Mrs. Moore has been a “partner” of her husband in the mining business for nearly twenty years. She has followed the trails through the mining regions of Colorado, Montana, Arizona, California and Oregon, prospecting, pocket-hunting, digging, always on the lookout for a color, a strike, a bonanza. She has traveled hundreds of miles on pack pony and burro, through the snow and over the burning sands. Those twenty years, spent altogether out of doors, have been days of perfect health for her. “Yes,” said she, “mining is the life for me. I love it. I love the freedom of the mountains and the ozone of the pines. There is no other life like it; none as enjoyable for me, at least.”

The Mining Review, 5/18/1904
Ellen Jack, a female prospector from Colorado at the turn of the 19th century. Courtesy: Kerby Jackson archives

Ellen Jack in 1910

One of the best known female prospectors was Ellen Elliot Jack of Colorado, who is pictured at the left in a photo dated about 1910. Ellen was born in England, but came to the Far West in 1872 after the tragic death of her husband and children. In addition to mining, she was also an early woman business owner. Like her male counterparts who worked the gold fields, Ellen was one tough cookie. Everywhere she went, Ellen carried a pick axe and a six gun in her belt and she knew how to use both of them. She was also said to bear a severe scar that was the result of a tomahawk wound she received during one of the Gunnison Indian Uprisings. At the time this photo was taken, she had just written a semi-autobioghraphical novel entitled “The Fate of A Fairy” which was about a woman who loses her husband and becomes a female prospector.

Another lady prospector was Ferminia Sarras, who was a major mine owner in Nevada and was widely known as the “Nevada Copper Queen”. Ferminia’s story would have been lost to history had it not been for the research of historian Sally Zanjani, the author of “A Mine of Her Own: Women Prospectors in the American West, 1850-1950″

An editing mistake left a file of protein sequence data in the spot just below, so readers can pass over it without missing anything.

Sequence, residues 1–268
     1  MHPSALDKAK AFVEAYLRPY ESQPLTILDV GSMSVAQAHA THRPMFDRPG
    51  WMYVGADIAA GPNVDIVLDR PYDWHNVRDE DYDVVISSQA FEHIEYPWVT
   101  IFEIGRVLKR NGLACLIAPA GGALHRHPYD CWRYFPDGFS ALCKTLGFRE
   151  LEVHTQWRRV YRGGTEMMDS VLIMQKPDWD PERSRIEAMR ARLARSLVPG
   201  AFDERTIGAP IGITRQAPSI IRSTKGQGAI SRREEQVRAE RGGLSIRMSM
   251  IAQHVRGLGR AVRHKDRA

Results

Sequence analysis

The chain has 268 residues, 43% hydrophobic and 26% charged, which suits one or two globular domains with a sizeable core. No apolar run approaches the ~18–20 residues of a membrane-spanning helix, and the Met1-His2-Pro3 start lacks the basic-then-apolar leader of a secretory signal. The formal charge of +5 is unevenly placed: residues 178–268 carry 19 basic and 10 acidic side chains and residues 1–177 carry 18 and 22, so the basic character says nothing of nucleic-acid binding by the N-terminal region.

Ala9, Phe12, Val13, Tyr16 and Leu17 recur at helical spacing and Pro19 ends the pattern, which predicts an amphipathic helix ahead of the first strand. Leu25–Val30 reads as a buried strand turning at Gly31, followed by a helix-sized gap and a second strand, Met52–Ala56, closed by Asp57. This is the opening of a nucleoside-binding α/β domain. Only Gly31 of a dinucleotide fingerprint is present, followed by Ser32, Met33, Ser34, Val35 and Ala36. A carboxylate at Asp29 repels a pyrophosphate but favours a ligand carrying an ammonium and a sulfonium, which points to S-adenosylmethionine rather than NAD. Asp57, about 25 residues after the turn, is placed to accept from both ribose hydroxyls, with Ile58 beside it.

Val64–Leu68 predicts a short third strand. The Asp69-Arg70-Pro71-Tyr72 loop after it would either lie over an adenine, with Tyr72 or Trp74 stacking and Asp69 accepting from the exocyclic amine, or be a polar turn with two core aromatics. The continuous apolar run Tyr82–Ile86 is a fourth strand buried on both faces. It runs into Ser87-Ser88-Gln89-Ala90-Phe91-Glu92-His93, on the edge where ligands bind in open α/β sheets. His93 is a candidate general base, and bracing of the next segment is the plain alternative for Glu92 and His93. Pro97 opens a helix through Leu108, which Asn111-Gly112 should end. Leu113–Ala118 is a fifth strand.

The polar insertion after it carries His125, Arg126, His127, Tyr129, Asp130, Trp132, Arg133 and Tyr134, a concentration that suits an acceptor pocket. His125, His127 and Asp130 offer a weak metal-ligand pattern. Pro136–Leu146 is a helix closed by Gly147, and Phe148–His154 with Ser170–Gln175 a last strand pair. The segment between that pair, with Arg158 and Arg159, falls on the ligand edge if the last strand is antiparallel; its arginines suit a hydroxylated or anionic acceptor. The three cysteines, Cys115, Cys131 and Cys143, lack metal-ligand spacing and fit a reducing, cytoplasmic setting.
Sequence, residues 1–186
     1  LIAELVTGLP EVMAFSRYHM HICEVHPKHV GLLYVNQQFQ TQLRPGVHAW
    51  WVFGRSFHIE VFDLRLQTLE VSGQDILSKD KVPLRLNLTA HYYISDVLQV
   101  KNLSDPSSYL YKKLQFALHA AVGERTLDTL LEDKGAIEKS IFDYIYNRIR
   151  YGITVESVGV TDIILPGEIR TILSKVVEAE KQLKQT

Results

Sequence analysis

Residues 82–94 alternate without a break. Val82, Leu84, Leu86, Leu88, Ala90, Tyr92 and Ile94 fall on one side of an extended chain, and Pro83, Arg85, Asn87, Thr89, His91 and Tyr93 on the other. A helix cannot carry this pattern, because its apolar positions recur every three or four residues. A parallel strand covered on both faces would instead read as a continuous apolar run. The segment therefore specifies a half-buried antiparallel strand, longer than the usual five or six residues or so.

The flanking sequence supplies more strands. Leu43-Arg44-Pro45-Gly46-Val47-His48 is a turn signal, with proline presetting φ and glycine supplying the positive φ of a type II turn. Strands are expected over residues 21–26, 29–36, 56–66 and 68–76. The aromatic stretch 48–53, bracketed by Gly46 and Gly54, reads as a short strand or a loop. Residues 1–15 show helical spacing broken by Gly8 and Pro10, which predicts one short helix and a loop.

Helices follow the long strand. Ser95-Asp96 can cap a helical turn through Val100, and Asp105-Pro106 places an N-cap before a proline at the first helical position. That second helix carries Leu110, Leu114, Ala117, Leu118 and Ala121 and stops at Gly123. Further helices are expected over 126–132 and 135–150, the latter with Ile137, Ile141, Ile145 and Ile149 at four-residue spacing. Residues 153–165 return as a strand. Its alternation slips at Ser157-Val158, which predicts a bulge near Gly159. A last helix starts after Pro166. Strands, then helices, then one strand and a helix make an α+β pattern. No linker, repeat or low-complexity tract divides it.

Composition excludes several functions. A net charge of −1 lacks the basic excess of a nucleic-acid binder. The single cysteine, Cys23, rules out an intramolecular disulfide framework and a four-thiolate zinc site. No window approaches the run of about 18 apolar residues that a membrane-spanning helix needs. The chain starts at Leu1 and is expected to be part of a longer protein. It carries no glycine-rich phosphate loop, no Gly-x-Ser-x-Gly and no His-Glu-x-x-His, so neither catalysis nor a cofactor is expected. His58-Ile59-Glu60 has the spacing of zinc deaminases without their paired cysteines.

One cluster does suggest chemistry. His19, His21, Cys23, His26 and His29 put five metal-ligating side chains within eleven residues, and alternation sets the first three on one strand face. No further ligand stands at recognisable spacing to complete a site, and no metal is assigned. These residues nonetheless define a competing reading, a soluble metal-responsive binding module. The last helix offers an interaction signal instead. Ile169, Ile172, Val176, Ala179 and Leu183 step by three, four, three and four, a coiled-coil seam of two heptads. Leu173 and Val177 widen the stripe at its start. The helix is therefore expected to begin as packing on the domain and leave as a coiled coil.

The article above is thought to have been written by Dennis Stovall who was an early author living in Josephine County. Stovall is best known for his novel “Suzanne of Kerbyville” which he wrote the same year as this article. His novel, though fictional, is one of the best sources for information on the early settlement of Kerby, Oregon, as well as the mining that went on in the vicinity of that early gold rush town. Though the novel really focuses on the exploits of a young woman named Suzanne , it is mentioned that Suzanne’s father was a “pocket hunter” and there is quite a good description of his methods.

The Forest Queen Placer, mentioned in this article, was located on Louse Creek, a few miles east of Merlin, Oregon. At the time, it was owned by J.P. Pipes and T. Weisenbacher (or Wisenbacher). The property was originally known as the Lance Placer and at the time of this article it consisted of 212 acres of ground that was worked with the assistance of two miles worth of ditch, 2500 feet of pipe with a pressure of 200 feet, three giants and a Ruble Rock Elevator.

~ Kerby Jackson, Josephine County, Oregon